It will never be the same
I am a Director if Nursing in a skilled nursing facility. I take pride in my team and take every opportunity to work right by their side. This usually allows me to see first hand what our process issues may be. Where the room for improvement is going to come from.
Yesterday, like every other day, I walked down the hall in our Covid unit (sweating in 15 pieces of PPE and exhausted because in 4 days I have already been away from home 62 hours). I am doing my morning rounds and going from one to the next. I am trying to encourage my nursing staff, reminding them that we are strong and we are a team and we will do the best we can. I am mopping, I am cleaning and stocking, preparing for the next transfer because we can’t afford to use the extra PPE for another department to take care of it. I am calling families to provide updates, sometimes ones that encourage them to call and say goodbye. I am working with the county response teams and the 8 different counties that all want me to follow their specific protocol and call 3 different people once x,y,z happens with their one citizen who lived in their county 9 years ago. I am counting and recounting PPE, calling every paint store in a 50 mile radius looking for enough shoe covers to make it through the next 2 days. I am taking phone calls from family members that are screaming and yelling and cussing and telling me how awful I am because their loved one didn’t get to bring his recliner to his new room, amongst the 13 room changes we had to make in the matter of hours to isolate and contain. Checking in with lab every two hours to find out if we have testing results back.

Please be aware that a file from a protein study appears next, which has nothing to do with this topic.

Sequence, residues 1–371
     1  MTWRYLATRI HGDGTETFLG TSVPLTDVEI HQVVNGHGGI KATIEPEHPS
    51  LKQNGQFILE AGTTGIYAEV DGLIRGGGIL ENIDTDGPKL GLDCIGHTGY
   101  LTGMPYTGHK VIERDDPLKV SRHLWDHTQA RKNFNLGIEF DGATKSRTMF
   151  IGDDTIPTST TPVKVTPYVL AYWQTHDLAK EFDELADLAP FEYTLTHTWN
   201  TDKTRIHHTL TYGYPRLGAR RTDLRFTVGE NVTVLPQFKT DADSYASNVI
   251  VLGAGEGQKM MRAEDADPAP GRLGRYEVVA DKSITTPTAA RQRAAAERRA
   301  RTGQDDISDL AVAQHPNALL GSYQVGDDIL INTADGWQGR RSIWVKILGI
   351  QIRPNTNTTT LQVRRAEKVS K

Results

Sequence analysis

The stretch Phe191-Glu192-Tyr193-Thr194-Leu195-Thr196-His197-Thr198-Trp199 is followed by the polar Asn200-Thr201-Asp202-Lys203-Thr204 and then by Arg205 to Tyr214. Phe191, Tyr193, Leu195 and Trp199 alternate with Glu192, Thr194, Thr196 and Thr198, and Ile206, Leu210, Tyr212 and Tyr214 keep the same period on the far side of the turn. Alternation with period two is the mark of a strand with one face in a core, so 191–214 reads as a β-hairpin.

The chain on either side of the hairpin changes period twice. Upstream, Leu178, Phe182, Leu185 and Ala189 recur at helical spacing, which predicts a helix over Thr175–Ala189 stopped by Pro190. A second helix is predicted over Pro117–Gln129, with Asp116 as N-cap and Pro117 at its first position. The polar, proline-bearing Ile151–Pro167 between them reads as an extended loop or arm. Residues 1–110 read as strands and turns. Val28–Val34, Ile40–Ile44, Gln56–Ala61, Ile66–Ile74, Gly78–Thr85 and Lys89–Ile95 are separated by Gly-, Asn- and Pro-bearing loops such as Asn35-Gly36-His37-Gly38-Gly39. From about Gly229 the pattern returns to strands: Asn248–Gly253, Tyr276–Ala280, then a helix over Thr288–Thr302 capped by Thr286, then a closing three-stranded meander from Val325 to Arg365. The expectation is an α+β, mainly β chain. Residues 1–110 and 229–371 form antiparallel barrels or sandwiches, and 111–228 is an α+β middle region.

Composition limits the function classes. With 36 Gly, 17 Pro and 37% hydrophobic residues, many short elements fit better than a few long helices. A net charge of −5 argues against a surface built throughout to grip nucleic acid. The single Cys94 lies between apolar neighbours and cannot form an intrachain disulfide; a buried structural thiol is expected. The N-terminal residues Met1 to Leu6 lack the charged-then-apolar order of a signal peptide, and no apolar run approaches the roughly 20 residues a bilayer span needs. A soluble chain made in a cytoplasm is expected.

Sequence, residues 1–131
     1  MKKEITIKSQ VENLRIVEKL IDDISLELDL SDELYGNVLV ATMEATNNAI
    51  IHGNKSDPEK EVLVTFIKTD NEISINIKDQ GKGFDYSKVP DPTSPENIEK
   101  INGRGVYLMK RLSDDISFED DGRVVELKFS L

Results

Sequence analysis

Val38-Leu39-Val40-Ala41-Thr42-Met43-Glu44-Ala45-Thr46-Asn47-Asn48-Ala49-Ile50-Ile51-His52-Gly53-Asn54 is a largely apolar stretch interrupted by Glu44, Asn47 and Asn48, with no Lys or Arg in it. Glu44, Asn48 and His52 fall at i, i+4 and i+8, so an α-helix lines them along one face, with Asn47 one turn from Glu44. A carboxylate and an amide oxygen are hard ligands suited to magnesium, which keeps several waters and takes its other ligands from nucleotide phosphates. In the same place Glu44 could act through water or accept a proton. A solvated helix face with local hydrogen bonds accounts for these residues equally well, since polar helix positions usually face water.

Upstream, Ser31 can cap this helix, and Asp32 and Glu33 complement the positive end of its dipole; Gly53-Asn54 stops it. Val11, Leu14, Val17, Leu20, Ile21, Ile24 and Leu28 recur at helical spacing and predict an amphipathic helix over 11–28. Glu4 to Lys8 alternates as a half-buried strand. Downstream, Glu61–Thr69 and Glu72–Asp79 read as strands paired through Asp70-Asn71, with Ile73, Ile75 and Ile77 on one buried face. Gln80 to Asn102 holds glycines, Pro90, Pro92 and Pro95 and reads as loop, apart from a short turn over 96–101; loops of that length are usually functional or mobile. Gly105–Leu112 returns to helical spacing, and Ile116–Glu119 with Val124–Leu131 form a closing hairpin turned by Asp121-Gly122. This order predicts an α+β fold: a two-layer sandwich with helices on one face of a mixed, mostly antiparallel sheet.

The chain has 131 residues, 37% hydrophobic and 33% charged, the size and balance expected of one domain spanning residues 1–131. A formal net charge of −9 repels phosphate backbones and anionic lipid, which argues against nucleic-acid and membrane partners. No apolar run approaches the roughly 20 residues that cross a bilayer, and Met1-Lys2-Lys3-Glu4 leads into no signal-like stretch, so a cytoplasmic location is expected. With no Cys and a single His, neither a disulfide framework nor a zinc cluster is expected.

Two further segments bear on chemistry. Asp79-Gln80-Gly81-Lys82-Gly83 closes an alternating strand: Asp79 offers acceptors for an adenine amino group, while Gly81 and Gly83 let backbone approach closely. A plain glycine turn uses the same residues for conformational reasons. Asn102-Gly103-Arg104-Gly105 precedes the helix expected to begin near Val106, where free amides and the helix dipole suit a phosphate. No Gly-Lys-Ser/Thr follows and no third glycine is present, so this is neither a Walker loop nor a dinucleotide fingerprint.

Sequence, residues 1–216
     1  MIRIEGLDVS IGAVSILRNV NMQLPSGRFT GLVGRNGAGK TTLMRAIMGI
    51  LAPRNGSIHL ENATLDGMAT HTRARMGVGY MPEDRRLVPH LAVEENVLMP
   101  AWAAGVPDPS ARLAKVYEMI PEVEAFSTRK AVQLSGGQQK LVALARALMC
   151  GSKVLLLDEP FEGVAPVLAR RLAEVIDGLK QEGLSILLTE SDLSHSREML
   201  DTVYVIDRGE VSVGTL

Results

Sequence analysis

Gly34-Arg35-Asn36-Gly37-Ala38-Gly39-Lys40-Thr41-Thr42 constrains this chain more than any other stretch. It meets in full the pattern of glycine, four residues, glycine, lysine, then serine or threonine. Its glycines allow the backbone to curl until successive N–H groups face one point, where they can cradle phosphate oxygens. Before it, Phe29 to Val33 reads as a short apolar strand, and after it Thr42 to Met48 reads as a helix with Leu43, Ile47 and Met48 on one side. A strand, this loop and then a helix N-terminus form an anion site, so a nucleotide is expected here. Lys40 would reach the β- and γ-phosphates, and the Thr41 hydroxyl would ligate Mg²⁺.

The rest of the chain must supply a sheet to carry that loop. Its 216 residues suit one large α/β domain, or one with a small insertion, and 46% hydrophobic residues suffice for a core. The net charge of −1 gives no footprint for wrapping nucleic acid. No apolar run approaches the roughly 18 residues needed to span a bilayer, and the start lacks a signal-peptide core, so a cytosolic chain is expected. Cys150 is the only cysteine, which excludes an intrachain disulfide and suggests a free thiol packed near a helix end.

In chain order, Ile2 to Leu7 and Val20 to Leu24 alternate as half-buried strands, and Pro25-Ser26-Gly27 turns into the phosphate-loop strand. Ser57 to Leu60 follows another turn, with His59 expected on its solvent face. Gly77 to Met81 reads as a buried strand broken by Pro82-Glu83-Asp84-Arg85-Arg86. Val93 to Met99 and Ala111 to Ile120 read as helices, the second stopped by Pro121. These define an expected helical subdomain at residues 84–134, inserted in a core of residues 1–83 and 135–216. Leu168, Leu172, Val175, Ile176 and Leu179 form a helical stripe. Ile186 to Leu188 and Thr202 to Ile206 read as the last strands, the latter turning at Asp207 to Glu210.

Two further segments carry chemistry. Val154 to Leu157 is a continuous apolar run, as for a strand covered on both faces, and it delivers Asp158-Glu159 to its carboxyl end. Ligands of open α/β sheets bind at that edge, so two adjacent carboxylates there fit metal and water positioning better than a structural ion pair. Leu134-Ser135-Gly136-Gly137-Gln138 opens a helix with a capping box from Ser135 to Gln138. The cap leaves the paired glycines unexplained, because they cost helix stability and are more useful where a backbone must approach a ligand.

Last night at 1030pm, while my 3 small children and husband are waiting for me at home, I hid in my office crying. Broken hearted, defeated, exhausted. And I cry because we did everything. We went above and beyond the guidelines, the recommendations. We had back up plans for back up plans. We educated and educated and educated.....none of it mattered. People are dying. Nurses are praying and crying and working tirelessly. It is quite possibly the most helpless situation I have ever experienced.